The occasion arrived sooner than I had feared. Alpha had an illness. It was not alarming, and yet it was sufficiently formidable. It began with colitis, and ended with appendicitis and an operation. Soon after Alpha had risen from his bed and was cheerfully but somewhat feebly about again I met him at a club. He was sitting in an arm-chair in one of the huge bay-windows of the club, and gazing with bright interest upon the varied spectacle of the street. The occasion was almost ideal. I took the other arm-chair in the semicircle of the window. I saw at once by his careless demeanour that his illness had taught him nothing, and I determined with all my notorious tact and persuasiveness to point a moral for him.

And just as I was clearing my throat to begin he exclaimed, with a jerk of the elbow and a benevolently satiric smile:

"See that girl?"

A plainly-dressed young woman carrying a violin-case crossed the street in front of our window.

"I see her," said I. "What about her?"

"That's Omega's second daughter."

"Oh, Omega," I murmured. "Haven't seen him for ages. What's he doing with himself? Do you ever meet him nowadays?"

Said Mr. Alpha:

"I happened to dine with him--it was chiefly on business--a couple of days before I fell ill. Remarkably strange cove, Omega--remarkably strange."

"Why? How? And what's the matter with the cove's second daughter, anyway?"

"Well," said Alpha, "it's all of a piece--him and his second daughter and the rest of the family. Funny case. It ought to interest you. Omega's got a mania."

"What mania?"

"Not too easy to describe. Call it the precaution mania."

"The precaution mania? What's that?"

"I'll tell you."

And he told me.



"Odd thing," said Alpha, "that I should have been at Omega's just as I was sickening for appendicitis. He's great on appendicitis, is Omega."

"Has he had it?"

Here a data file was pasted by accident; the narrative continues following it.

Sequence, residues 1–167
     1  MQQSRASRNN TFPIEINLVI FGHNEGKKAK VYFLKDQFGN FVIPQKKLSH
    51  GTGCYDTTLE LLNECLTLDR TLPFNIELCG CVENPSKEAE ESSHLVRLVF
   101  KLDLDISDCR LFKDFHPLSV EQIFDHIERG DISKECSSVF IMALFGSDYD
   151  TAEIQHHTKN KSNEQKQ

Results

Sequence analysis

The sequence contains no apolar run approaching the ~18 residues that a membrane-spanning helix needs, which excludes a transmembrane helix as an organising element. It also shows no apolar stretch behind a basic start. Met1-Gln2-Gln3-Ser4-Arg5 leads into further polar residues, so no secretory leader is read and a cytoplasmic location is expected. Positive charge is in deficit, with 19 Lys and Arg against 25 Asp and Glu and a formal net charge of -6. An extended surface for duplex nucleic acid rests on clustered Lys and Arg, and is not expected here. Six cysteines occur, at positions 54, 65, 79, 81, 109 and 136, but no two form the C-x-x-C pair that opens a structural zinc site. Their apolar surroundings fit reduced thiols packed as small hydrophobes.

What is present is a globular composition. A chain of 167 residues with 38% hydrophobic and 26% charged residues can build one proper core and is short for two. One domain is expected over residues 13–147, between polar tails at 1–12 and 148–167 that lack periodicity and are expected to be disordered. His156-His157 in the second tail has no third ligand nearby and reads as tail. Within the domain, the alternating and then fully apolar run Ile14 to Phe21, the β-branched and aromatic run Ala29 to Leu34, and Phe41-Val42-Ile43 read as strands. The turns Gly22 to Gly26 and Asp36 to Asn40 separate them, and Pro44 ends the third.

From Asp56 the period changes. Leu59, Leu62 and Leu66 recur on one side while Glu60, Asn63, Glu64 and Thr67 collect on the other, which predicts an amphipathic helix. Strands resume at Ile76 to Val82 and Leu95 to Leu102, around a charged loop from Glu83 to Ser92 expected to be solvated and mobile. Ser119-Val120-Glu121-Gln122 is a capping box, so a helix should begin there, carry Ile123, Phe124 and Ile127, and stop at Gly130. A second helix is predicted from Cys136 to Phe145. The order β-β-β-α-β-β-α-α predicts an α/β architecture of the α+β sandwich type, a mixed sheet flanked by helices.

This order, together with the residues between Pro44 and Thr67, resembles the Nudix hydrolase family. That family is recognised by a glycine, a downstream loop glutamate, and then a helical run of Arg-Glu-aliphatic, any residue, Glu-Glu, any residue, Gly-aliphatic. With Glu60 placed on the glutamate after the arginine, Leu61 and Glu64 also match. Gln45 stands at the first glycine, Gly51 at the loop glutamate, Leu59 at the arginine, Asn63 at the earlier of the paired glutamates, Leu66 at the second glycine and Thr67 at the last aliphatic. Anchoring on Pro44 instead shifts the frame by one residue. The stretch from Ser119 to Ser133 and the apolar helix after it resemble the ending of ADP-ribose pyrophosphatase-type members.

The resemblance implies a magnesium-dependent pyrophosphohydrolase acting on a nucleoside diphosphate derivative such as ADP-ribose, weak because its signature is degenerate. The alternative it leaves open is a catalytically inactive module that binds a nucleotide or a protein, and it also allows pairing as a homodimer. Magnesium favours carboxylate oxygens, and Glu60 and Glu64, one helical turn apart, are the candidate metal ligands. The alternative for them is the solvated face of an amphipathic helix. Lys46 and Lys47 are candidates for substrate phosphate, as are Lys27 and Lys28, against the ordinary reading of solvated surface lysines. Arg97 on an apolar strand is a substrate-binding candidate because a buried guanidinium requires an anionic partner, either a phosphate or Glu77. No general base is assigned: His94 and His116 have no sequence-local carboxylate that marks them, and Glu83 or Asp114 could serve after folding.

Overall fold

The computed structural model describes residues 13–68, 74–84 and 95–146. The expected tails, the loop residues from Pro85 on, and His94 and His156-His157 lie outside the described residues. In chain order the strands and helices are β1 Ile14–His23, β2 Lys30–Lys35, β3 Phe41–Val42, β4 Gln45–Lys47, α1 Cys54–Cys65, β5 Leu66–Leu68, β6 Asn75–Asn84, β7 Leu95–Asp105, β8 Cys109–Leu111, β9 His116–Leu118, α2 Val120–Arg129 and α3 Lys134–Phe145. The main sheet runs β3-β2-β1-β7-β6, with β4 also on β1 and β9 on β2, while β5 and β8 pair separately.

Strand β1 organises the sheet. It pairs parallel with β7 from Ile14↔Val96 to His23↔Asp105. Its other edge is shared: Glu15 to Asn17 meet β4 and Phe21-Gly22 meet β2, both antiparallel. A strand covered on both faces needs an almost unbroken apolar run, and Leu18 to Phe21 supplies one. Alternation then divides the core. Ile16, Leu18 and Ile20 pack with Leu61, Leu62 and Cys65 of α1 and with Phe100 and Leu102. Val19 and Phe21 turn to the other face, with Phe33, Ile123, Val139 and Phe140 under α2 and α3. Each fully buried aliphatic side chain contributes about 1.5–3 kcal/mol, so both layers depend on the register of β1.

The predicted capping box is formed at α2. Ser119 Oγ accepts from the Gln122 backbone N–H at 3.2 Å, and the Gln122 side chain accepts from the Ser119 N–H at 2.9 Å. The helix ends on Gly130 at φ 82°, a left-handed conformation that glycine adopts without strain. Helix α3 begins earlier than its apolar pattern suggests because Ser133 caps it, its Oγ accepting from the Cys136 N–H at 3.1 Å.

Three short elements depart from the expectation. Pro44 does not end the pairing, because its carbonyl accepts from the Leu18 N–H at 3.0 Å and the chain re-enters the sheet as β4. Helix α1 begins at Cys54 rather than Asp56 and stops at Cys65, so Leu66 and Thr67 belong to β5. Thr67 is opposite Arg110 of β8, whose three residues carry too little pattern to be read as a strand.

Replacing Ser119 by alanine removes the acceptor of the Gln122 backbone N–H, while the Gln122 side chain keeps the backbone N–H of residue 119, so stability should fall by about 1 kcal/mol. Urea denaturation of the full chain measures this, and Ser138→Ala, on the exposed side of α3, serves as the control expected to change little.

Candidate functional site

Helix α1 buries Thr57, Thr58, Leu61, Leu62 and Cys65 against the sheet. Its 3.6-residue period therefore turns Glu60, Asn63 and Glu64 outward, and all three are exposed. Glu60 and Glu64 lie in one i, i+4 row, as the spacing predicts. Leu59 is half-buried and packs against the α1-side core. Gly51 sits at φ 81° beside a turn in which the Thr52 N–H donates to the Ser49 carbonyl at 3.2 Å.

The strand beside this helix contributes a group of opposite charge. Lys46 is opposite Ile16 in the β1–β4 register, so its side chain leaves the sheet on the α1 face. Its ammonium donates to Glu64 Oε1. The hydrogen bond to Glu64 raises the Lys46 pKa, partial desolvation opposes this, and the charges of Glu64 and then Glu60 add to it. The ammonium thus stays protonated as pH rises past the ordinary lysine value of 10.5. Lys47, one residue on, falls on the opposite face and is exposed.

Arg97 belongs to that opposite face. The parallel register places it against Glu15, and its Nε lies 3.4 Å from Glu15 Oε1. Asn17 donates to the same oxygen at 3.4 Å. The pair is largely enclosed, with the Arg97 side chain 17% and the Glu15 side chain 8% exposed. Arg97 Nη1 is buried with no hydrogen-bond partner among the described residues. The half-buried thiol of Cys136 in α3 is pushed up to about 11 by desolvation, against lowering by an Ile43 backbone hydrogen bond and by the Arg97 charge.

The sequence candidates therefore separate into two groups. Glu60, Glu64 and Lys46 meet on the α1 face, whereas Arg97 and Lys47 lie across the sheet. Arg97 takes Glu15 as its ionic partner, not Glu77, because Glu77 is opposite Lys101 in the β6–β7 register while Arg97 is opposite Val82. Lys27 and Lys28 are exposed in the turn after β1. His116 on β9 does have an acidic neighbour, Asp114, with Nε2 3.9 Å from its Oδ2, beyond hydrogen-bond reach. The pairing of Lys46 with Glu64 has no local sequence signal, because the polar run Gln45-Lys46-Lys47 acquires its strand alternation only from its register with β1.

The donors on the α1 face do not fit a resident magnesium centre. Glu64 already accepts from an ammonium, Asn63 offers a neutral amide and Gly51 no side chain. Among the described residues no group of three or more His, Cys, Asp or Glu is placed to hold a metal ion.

"Not he! He's never had anything. But he informed me that before he went to Mexico last year he took the precaution of having his appendix removed, lest he might have acute appendicitis in some wild part of the country where there might be no doctor just handy for an operation. He's like that, you know. I believe if he had his way there wouldn't be an appendix left in the entire family. He's inoculated against everything. They're all inoculated against everything. And he keeps an elaborate medicine-chest in his house, together with elaborate typewritten instructions which he forced his doctor to give him--in case anything awful should happen suddenly. Omega has only to read those instructions, and he could stitch a horrible wound, tie up a severed artery, or make an injection of morphia or salt water. He has a thermometer in every room and one in each bath. Also burglar-alarms at all doors and windows, and fire extinguishers on every floor. But that's nothing. You should hear about his insurance. Of course, he's insured his life and the lives of the whole family of them. He's insured against railway accidents and all other accidents, and against illness. The fidelity of all his clerks is insured. He's insured against burglary, naturally. Against fire, too. And against loss of rent through fire. His plate-glass is insured. His bunch of keys is insured. He's insured against employers' liability. He's insured against war. He's insured against loss of business profits. The interest on his mortgage securities is insured. His wretched little automobile is insured. I do believe he was once insured against the eventuality of twins."